Four Poems by Ken Denberg

Silver, White, Red

Word finds me through a mutual friendship
your narrow brush with death was early fall.
Cutting into you, the clinical room
the weary recovery.  Eighteen years
between us, now married and living in
other regions, no longer do I rage
red at your name or remember weary
days leveled by lawyers, their documents.
Your cancer claiming the future children
you didn't want, that also claimed our man
upon hearing the word uterine left
without goodbye.  I am clueless these days
having grown up a little bit, at what
you might look like but remember your voice.


Short Story

Mostly we were quiet, we lay like a book
between the covers as stars spun around
the elliptic.  I had my eye on your
silhouette.  I fumbled with the matches
then left them alone for another night -
the empty, blank darkness was good enough.
She leaned against me the way a girl will
lean against a boy as we lie there, warm
in the cool room and the revolve of dark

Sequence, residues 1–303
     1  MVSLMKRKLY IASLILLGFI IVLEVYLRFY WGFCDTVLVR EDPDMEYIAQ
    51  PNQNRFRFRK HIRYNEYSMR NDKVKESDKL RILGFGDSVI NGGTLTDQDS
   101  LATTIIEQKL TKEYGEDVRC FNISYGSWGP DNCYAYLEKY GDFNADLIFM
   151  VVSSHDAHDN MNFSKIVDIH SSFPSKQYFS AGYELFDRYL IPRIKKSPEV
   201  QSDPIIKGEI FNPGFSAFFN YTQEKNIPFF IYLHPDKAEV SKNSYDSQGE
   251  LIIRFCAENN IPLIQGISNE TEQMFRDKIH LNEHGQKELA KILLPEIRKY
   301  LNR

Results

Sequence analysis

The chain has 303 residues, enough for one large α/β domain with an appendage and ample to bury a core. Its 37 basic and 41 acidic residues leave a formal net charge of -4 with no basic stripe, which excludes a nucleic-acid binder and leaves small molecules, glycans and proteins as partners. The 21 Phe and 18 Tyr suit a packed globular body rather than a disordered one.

yet when I slept I dreamed I was awake
the way a man ends up leaning away
from a woman, we were our own story.
Who is the protagonist, the foil
the plot like so many cups of coffee.


Riding fast, getting nowhere

The horse is brown, the rider is yellow
all motion, wild-eyed, kicking dust and flecks
up in clouds.  Joy or fear have corralled them
in this commotion.  In the sun the snow
in summer the puffed-up clouds, a dog runs
at the feet of the horse, the rider whoops
his hat in his hand.  Obscure destiny
and ghost-like faces steady in their speed
like a jet framed in the window, the sky
stars behind the blue that goes up, over.
If you glance away the rider speeds up
when looking he's still like moss covered stones.
By the road, the wide-eyed cows are staring
the mule shakes his envious head and snorts.


Snow Field, Washington County, N.Y.

In this green light under the shadow of pines
she was beautiful, and the poem also.
So, I slipped into your pocket, folded 
above the dust of images, passion
was kicking like squalls over the hay fields.
Your warm house in the snow and not snow was.
The wind was hard, salty, but the woman
lay with her pillows reading the sonnet
reading into the image before her
face like little green birds.  When she opened
the book again his face looked back at her.
There are no words to say what all this means.
In the play of the sonnet things matter
as much to me as you.  It was snowing.


Ken Denberg's poems appear in Southern Poetry Review, Agni Review, The Maryland Poetry Review, Sundog, The Southeast Review and others.  He is the editor of Snail's Pace Press, a not-for-profit literary publisher, in Cambridge, NY.

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